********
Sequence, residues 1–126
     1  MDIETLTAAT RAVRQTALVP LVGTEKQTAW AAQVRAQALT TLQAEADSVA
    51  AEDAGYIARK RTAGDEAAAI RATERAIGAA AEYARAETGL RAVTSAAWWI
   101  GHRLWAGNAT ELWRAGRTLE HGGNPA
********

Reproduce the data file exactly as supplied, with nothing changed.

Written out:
Sequence, residues 1–126
     1  MDIETLTAAT RAVRQTALVP LVGTEKQTAW AAQVRAQALT TLQAEADSVA
    51  AEDAGYIARK RTAGDEAAAI RATERAIGAA AEYARAETGL RAVTSAAWWI
   101  GHRLWAGNAT ELWRAGRTLE HGGNPA